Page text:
Or it could be too ambitious light weighting that can lead to packaging that simply isn’t good enough to withstand a bumpy ride to the destination.
To mention a few. Much of the above comes to structural design of packaging but a lot of food is wasted because of the confusion about “best before” and” use by” date labels. One day we will have dynamic best before dates with built in sensors showing the actual best before date rather than a fixed one. But we are not quite there yet.


The solution
Apart from consumers improving their fridge management and doing more organized shopping the packaging industry can offer better packaging solutions. And food producers can use it…!

So, what is more effective packaging then? What I mean is packaging that is

  • Re-sealable. That is a screw cap, a zip-lock or something that enables the consumer to save product for later.
  • Easy emptying. Think of how to make it easier to empty the pack. It can be instructions on how to or a packaging feature like a collapsible container.
  • Modified or Controlled Atmosphere (MAP/CAP) these are technologies used to keep fresh food fresh for longer and adds real value by extending shelf-life.
  • Barrier materials. Use packaging with good enough barriers to oxygen, light or whatever is breaking down the content. The result is again extended shelf-life and less food waste.
  • Portion packages. This is a low hanging but effective fruit. By using smaller portion packs, the small household gets a better control of usage.
  • Smart packaging solutions of various kinds are helpful. Smart labels indicating time or temperature, ripeness for fruit, freshness for meat, fish, etc.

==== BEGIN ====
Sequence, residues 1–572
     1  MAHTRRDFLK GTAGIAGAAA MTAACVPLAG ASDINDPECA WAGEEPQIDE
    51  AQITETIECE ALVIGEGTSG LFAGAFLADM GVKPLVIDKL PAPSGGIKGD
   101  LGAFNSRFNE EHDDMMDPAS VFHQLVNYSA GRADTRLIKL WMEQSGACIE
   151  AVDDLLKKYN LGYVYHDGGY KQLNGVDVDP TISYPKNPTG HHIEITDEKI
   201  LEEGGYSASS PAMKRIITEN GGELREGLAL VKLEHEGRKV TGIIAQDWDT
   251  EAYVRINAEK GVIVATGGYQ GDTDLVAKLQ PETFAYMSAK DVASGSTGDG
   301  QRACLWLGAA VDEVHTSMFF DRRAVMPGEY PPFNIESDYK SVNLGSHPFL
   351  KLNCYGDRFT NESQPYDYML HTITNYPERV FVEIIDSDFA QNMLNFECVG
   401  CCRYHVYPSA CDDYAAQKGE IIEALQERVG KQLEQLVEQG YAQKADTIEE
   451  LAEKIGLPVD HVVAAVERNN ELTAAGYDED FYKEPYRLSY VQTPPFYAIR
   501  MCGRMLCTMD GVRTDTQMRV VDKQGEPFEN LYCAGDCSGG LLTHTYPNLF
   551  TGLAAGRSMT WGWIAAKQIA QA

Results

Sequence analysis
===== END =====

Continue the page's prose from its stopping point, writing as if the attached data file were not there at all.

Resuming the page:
Technology is developing enabling new and better packaging solutions. Sensors are coming down in price and new creative concepts are brought forward by entrepreneurs.
But it hasn’t all have to be hi-tech, a cucumber has a “best before” life of 3 days and by wrapping it in plastic it increases by almost 5 times, to 14 days. Portion packs may require more packaging material but will probably save food from being wasted.

And the greenhouse gas emissions or GHGE related to food packaging is typically small, typically around 5%, relative to the emissions associated with producing and processing the food itself.

Can we learn a marketing lesson from craft brewers? Marketing by packaging.

The craft brewing scene is booming also in Sweden with a big number of small brewers and glass bottles are the dominating pack type. Glass bottles represents tradition and premium, two of the impressions that you as a craft brewer work really hard to convey to your consumers.
When you are selling a product at a price three times above your industrial brewing competitors, you have to work hard on your image. But something is happening…